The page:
It seems we’re not the only ones who are beginning to see governance model incongruencies behind some of the German economic ills (see two of my last posts (1, 2), and, especially the comments to the last one).
Over at Crooked Timber, Henry Farrell (who knows Germany well, having beeen a research fellow at the The Max Planck Institute for Research on Collective Goods) gets a bit angry at the Economist for their usually biased coverage of Continental European social and economic models, before declaring his support for Franz M?ntefering.
“M?ntefering is quite right to identify international venture capital firms as Modell Deutschland?s enemies. If you?re trying to rebuild a model based on consensus-driven labour relations, on patient capital, and on political control over the marketplace, they are the enemy. The old model had a lot going for it. Perhaps M?ntefering should have used more temperate language, but probably not. He?s gotten a debate going, and it?s a debate that needs to take place. The advocates of free market reform in Continental Europe have been able to coat their project with an entirely spurious patina of inevitability. The way they?ve painted it, these economies have no choice but to deregulate. This simply isn?t true; the citizens of these countries do have choices, and should be allowed to make them. Far from being ?immensely damaging? to Germany and Europe, it?s the first real sign in several years of a proper political debate about the choices that are available, and the benefits and drawbacks attached to them.
I think he’s giving M?ntefering far too much credit. This doesn’t appear to be too planned. “M?nte” did not intend to stir an honest debate about governance modes, he just needed to vent. Besides, there is no real debate – and there probably won’t be, simply because these issues are too complex to be publicly debated without the help of terms like “locusts” and institutionalised myths of rationality – that’s – I think – what Henry refers with “patina of inevitabilty.”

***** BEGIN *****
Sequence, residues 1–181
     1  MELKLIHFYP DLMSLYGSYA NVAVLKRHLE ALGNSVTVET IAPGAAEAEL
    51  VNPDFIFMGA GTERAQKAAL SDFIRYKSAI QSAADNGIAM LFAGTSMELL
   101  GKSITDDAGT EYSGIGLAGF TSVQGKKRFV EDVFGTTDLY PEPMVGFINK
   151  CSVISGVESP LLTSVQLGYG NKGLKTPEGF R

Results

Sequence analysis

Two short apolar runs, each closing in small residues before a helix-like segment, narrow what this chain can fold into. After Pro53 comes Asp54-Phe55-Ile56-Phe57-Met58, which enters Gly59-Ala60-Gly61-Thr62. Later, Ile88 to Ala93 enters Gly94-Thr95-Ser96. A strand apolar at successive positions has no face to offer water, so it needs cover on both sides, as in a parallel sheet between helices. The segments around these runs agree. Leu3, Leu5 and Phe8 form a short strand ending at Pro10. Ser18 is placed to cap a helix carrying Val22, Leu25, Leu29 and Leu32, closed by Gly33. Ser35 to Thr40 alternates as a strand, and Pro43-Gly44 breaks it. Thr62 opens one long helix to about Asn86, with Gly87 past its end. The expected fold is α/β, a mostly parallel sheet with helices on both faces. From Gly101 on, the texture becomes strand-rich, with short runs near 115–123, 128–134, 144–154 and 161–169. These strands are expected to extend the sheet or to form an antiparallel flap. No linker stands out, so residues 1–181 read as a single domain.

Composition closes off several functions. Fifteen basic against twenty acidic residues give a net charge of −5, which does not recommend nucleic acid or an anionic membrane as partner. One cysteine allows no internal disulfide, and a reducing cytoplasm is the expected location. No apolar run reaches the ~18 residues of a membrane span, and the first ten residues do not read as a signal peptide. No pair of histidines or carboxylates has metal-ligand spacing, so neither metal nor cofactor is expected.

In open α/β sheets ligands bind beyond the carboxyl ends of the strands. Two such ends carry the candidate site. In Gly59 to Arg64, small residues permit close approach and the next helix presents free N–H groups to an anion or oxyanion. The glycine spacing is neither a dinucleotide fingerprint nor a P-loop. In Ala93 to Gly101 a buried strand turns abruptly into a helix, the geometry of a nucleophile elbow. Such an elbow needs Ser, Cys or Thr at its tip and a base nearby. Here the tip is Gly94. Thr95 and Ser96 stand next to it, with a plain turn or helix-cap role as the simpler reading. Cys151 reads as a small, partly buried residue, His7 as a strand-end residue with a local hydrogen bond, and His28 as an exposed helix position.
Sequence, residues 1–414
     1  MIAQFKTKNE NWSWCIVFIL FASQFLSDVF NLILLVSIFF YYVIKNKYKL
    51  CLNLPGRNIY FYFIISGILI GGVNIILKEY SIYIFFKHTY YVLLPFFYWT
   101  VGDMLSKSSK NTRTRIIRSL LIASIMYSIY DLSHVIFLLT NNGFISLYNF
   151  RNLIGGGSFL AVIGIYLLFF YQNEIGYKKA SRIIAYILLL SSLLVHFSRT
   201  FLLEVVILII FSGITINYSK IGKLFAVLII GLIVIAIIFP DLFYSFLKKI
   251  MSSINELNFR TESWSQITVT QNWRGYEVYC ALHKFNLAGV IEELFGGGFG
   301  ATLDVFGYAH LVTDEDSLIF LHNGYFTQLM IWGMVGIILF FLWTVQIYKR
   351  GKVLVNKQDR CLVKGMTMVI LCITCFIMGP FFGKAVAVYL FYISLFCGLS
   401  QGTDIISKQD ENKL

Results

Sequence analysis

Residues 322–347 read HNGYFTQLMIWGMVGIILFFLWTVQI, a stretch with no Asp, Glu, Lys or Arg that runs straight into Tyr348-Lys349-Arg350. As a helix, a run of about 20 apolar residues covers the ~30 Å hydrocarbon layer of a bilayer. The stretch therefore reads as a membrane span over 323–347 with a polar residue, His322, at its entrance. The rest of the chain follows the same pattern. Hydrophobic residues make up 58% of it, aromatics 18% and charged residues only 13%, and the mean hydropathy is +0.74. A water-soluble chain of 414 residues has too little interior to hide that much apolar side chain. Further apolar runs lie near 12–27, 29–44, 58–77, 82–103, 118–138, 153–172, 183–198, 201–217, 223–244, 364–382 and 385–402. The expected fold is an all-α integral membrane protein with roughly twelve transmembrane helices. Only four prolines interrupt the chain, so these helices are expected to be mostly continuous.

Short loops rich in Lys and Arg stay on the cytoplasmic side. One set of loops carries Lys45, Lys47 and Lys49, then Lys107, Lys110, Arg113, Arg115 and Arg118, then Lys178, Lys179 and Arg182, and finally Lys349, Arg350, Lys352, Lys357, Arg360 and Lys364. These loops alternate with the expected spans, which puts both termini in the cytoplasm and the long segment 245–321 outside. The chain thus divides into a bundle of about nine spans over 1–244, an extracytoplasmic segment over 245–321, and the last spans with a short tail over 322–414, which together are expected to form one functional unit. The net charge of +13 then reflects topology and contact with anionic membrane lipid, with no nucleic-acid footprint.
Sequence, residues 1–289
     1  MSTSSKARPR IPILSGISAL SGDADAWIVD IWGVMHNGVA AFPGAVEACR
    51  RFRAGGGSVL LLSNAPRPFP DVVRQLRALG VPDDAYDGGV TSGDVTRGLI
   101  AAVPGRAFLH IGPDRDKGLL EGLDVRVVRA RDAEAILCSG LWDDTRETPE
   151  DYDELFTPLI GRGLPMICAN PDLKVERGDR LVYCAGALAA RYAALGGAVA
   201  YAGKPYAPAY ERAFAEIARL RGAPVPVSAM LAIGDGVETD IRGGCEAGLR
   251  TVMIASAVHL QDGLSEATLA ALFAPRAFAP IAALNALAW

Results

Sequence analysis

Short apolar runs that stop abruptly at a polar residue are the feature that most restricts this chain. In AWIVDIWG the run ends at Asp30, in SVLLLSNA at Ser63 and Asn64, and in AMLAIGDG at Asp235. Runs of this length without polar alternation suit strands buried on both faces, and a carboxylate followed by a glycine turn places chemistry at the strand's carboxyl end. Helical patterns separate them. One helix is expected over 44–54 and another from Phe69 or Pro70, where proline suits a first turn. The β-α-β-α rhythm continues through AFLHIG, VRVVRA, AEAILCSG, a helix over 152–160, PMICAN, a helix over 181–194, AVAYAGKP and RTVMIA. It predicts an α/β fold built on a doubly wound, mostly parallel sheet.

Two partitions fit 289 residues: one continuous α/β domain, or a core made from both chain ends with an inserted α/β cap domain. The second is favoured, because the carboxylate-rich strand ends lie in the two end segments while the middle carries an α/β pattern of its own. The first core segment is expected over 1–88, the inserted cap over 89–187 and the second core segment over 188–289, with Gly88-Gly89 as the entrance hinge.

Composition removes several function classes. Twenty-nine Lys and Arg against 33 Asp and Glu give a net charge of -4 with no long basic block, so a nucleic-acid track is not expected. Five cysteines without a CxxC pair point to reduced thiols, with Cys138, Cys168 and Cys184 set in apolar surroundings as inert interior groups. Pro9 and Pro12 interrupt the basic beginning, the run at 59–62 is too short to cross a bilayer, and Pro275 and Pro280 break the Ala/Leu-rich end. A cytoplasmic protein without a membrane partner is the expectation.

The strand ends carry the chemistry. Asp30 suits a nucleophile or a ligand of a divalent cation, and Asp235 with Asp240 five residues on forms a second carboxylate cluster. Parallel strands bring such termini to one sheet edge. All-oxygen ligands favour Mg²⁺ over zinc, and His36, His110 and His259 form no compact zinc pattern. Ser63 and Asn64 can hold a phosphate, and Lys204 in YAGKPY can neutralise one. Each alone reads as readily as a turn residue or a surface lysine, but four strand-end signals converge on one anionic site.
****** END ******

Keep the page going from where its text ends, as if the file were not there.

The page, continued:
But Henry is right to remind us (in a reply to a comment) that –
“I wouldn?t have used the term ?swarm of locusts? myself. But then, I wouldn?t have gotten much debate going by using more polite language. Academics like Wolfgang Streeck (or, in the broader European context, Colin Hay) have been making not dissimilar arguments for a long time, and not getting much political traction (although Streeck seems to be getting rather disillusioned). We?re now having the debate ? I don?t think that this would be happening if M?ntefering had been more indirect. And it?s the debate that?s the important thing (as the Economist recognizes ? it?s less worried with his intemperate language, than that he?s opened up Pandora?s box). There?s been a sense that the German government is sleepwalking into a watered down version of neo-liberalism for lack of any better ideas ? now there?s some real public discussion going.
Well, as I said, I don’t see *that* discussion yet. I see a lot of “Hysteria in Kindergarten“. But I wish Henry was right, and I wish more people would start to understand that there’s an obvious, and increasing, lack of compatibility between the German production mode and it’s governance. And for all interested in a real debate, I’d like to once again point to a recent paper by Wolfgang Streek, that Edward already linked to in the above mentioned comment thread : “Economic Reform and the Political Economy of the German Welfare State”.